Boris Johnson And John Kerry Just Had The Most Awkward Press Conference Ever
The new UK foreign secretary was accused of "wild exaggerations and outright lies".
Boris Johnson has been accused of making "wild exaggerations and outright lies" at a highly awkward press conference with US secretary of state John Kerry.
The new foreign secretary was asked by US journalists on Tuesday to explain his past comments about president Barack Obama and presidential hopeful Hillary Clinton – but he refused to apologise.
The joint event at the Foreign Office in London was Johnson's first press conference since being handed the high-powered role by new prime minister Theresa May last week.
Johnson, a journalist and author who has long penned comment pieces in newspapers, wrote in April that Obama has an "ancestral dislike" of the British empire because he’s a "part-Kenyan president".
Back in 2007 he also wrote of Clinton: "She's got dyed blonde hair and pouty lips, and a steely blue stare, like a sadistic nurse in a mental hospital."
Bradley Klapper from AP reminded Johnson of both these comments and said he had also compared Clinton to Lady Macbeth. "Do you take these comments back or do you want to take them with you into your new job as some kind of indicator of the type of diplomacy you will practise?" he asked.
Johnson looked increasingly embarrassed as his own words were read back to him.
He replied: "I'm afraid there is such a rich thesaurus of things that I have said that have been – one way or another, through what alchemy I do not know – somehow misconstrued, that it would really take me too long to engage in a full global itinerary of apology to all concerned.
"And I think most people who read these things in their proper context can see exactly what was intended. Indeed I find that virtually everybody I've met in the course of this job understands that very well, particularly on the international scene."
He added: "We have some very serious issues before us today... Those to my mind are far more important than any obiter dicta that you may disinter from 30 years of journalism."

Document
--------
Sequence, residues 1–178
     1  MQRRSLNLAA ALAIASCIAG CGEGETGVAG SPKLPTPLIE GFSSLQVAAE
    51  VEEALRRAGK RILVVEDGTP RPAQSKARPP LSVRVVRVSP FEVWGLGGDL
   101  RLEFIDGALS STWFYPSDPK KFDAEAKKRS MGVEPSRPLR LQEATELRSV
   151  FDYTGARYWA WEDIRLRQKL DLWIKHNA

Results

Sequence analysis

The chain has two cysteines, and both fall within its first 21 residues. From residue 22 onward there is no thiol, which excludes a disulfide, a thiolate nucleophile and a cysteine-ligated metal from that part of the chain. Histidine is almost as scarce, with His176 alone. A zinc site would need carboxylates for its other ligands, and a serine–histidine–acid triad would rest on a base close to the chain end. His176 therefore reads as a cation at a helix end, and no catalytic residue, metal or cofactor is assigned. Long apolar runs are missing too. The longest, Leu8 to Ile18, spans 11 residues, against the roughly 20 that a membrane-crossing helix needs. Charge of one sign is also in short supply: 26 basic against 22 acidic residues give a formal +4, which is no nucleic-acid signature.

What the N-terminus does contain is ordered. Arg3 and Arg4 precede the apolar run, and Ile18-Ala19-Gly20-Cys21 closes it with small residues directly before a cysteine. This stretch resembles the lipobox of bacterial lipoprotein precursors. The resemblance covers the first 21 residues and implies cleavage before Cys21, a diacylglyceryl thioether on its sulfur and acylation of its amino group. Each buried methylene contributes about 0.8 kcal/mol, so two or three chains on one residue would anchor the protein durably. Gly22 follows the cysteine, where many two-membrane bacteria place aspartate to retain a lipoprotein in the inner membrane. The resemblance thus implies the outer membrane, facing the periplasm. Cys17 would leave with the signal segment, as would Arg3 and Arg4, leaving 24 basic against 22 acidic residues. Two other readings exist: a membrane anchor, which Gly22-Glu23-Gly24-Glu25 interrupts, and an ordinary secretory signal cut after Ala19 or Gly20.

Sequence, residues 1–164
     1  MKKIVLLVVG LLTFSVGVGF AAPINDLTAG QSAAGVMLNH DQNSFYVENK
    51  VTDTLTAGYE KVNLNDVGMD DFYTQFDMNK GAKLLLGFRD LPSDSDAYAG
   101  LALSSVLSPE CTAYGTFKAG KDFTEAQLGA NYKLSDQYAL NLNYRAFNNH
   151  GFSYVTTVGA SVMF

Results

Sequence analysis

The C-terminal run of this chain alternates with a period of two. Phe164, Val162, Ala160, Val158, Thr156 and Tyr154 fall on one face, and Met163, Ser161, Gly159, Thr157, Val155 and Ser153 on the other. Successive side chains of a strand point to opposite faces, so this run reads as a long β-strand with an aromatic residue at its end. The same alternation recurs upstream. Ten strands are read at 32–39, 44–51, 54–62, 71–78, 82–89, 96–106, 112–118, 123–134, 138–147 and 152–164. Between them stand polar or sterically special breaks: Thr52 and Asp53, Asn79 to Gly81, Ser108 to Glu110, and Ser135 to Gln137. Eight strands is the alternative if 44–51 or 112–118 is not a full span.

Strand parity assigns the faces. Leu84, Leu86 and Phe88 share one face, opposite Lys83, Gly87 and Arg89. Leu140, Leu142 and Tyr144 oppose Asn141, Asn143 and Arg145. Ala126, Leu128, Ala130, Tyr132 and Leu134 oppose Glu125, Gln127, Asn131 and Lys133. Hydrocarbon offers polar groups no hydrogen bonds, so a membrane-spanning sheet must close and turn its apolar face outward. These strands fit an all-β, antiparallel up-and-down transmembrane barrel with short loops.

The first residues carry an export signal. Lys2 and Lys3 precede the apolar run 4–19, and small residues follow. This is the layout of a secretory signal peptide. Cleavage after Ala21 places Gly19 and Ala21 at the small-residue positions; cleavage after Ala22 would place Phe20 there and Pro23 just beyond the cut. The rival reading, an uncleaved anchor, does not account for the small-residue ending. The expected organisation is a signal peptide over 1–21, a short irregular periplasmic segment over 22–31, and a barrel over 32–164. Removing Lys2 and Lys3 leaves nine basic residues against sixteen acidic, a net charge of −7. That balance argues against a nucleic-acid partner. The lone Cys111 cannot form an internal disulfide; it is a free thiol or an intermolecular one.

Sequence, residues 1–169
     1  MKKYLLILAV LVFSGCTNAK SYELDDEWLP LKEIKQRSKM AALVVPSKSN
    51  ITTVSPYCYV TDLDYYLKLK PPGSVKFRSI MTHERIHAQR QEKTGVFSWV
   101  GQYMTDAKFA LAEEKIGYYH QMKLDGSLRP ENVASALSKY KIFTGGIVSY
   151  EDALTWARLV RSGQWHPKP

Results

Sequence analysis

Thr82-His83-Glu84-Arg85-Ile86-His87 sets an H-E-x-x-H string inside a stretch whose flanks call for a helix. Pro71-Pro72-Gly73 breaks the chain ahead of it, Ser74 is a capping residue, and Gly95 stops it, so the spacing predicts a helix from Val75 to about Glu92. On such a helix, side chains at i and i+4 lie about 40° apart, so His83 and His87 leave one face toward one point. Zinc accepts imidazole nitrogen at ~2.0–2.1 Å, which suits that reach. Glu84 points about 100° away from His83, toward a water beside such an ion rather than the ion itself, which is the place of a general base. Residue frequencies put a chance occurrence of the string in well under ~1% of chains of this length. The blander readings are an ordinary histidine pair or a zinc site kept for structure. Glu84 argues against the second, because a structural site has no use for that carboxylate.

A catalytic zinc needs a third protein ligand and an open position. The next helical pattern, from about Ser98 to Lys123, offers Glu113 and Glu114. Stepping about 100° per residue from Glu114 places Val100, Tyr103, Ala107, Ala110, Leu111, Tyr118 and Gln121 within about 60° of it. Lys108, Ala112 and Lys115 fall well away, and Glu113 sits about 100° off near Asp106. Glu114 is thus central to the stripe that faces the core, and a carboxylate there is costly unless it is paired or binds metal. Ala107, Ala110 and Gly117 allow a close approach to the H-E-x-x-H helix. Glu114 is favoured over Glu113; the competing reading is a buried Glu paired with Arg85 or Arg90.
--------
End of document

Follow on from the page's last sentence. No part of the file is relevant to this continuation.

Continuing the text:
But it didn't end there. Gardiner Harris from the New York Times then told Johnson: "You have an unusually long history of..."
Johnson rolled his eyes and attempted to laugh it off. "Not this one again!"
Harris continued: "... wild exaggerations and frankly outright lies that I think few foreign secretaries have prior to this job. I'm just wondering how Mr Kerry and others should believe what you say considering this very, very long history."
This was Kerry's face when Johnson was accused of "outright lies".
Johnson hit back: "I appreciate the first amendment and your right to free speech but I think we need chapter and verse on this stuff...
"I think people are more than welcome to rake over stuff I've written over many many years but I think the most important things is to get on with the very heavy agenda we have today."
Klapper also bluntly asked Kerry whether he could trust Johnson given his leading role in the campaign that led Britain out of the EU.
"What confidence do you have that Mr Johnson will represent the interests of anyone but himself?" he asked. "Is the Mr Johnson you saw campaigning the type of man you think the UK, EU and US needs right now at a time of so many challenges?"
Kerry said he was "absolutely confident" that Johnson was "deeply committed" on behalf of the British people to working together in world organisations such as Nato, the G7 and G20.
He told how Johnson had been described to him as a "very smart and capable man", adding: "That's the Boris Johnson I intend to work with."
Johnson said: "Phew. Stop there, that's great."
Kerry leaned over and said: "It's called diplomacy, Boris."